Health care is a basic human right, not a privilege. For some reason, we’ve allowed ourselves as Americans to be fooled into accepting that one must be blessed with “means” to actuate appropriate health care. As a nation we have failed to realize that our health care system is a barometer of our society’s value for human life.


Wednesday, April 16, 2008

Retail Bliss……Or Something

It has been some sort of interesting shopping infested divine interlude for me these past few weeks. I understand that perhaps that doesn’t make much sense. With that, I will branch off into some sort of explanation.

I have lost upwards of 25 pounds since my surgery in September. Losing 25 pounds typically means you have to start replacing clothes as that will bring you down 2 to 3 sizes. I have gone from a 12 to either an 8 or 10(misses), or 11 (in juniors) in pants or shorts. In blouses I’ve gone from a Large to a Medium (in Misses), and from an X-large to a Large in juniors. I have gone down a size in underwear. I have also gone down a size in bras, and I even went down half a shoe size. The only thing that fit was my socks.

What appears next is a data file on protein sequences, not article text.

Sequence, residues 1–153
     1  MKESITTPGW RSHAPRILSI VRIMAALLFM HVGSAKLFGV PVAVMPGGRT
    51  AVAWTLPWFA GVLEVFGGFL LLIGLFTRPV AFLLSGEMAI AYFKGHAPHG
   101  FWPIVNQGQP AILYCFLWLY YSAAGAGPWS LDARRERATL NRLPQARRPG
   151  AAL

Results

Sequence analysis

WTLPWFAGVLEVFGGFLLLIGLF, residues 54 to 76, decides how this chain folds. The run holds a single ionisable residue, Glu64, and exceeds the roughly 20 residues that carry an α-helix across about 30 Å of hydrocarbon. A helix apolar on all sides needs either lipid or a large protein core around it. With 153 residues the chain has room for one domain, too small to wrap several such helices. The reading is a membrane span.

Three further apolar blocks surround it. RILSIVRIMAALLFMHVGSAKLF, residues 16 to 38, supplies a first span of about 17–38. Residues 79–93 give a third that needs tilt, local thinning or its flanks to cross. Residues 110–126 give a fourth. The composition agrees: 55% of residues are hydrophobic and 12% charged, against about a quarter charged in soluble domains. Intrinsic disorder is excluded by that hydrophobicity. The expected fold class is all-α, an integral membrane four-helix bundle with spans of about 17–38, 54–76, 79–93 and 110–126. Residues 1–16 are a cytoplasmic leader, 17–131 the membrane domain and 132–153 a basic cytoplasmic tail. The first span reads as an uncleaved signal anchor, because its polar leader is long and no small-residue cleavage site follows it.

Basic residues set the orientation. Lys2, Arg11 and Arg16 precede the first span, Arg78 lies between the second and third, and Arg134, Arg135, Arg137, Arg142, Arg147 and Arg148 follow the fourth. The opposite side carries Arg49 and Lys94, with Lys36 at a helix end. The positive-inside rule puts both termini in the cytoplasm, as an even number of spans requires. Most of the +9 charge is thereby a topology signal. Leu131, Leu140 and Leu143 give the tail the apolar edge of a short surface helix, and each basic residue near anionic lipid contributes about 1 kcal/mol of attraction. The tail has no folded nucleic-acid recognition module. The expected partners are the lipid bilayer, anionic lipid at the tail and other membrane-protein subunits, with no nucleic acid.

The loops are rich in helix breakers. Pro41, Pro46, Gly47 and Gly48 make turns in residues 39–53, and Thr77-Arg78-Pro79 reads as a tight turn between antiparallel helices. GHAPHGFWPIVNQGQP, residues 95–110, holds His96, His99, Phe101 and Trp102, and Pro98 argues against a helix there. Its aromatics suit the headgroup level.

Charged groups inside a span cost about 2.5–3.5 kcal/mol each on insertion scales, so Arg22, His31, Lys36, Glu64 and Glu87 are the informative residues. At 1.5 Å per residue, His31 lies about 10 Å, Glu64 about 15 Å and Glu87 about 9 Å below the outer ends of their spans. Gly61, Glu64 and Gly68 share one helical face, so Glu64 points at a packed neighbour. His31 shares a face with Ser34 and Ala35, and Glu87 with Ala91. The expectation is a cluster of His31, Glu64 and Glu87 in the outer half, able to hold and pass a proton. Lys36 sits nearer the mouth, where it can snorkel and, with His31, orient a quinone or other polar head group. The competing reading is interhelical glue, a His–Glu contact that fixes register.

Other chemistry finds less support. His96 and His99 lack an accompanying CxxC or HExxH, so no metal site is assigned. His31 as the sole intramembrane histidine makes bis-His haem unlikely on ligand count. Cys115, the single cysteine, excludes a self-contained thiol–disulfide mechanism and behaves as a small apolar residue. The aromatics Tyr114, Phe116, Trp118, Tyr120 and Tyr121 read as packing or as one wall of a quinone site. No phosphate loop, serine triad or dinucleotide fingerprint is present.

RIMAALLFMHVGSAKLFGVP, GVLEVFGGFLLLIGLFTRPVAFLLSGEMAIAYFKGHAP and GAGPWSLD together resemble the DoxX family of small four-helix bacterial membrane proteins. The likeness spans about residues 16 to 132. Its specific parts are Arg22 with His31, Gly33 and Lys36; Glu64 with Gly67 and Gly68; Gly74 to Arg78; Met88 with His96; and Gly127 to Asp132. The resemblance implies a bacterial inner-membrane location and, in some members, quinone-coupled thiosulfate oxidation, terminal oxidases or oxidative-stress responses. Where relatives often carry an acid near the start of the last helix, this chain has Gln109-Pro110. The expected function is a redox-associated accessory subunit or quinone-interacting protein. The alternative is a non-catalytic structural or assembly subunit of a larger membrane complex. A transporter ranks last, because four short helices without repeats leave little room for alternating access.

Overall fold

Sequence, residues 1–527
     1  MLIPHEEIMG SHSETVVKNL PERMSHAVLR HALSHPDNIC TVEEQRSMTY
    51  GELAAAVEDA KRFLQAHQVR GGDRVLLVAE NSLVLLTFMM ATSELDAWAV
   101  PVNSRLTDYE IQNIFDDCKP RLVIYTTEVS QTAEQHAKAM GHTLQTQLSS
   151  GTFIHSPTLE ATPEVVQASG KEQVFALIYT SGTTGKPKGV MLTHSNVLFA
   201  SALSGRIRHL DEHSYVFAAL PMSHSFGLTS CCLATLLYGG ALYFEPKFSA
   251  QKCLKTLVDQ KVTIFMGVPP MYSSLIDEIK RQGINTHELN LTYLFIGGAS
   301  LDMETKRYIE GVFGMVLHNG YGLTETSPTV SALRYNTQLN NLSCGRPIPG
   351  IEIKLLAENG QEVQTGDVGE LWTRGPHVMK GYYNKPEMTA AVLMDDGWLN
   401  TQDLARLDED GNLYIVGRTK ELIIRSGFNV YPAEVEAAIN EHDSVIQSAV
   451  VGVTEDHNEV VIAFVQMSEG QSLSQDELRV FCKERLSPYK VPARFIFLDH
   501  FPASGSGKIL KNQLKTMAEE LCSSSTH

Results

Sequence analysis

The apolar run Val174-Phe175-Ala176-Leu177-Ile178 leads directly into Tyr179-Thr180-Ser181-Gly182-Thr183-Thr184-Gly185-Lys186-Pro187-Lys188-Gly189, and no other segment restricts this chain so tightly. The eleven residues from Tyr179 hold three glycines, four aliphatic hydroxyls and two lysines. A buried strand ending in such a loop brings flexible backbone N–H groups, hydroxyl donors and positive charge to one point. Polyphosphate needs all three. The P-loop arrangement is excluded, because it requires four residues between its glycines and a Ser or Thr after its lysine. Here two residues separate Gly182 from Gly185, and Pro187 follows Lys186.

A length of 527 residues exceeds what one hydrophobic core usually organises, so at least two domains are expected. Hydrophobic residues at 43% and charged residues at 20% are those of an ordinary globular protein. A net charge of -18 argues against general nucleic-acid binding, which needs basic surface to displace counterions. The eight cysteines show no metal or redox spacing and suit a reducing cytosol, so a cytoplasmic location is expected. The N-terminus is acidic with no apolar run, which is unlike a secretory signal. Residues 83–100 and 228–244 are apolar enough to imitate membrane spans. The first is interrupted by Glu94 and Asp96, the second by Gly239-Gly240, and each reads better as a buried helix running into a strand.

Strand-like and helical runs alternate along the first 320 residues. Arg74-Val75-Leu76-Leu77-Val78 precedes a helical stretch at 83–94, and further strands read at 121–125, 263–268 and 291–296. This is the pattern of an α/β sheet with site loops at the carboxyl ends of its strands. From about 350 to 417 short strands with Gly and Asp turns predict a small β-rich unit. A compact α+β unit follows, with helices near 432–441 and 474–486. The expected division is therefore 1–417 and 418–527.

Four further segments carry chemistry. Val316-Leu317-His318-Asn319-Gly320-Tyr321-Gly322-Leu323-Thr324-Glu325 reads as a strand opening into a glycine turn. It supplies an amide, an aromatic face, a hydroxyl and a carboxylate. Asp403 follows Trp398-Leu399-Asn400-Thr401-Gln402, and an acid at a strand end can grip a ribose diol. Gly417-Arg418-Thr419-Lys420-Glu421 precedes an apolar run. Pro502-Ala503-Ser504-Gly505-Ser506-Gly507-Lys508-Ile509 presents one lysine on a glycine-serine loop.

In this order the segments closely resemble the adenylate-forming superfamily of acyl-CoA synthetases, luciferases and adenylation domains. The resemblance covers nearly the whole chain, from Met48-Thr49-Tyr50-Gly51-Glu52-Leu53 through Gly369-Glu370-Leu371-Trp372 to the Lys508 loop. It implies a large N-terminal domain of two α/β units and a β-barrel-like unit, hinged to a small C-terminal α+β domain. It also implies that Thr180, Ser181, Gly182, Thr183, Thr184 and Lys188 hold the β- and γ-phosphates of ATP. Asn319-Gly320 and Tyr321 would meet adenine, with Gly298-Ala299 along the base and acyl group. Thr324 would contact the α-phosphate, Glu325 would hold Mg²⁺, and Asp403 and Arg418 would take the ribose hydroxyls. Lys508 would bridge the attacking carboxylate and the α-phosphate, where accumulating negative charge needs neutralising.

Imagine the frenzy (and sadness, and anxiety) involved in replacing an entire wardrobe. Not a few pairs of pants, but also jeans, blouses, underwear, bras, and finally shoes. The clothes I owned were so large on me they looked sloppy, and although I did have some shoes that I could manage in I’ve had to do away with heels for the most part because of my back. This further exacerbated the shoe issue. It is fun to lose weight, yes. There is, however, a certain stress involved when you have limited funds to replace your wardrobe.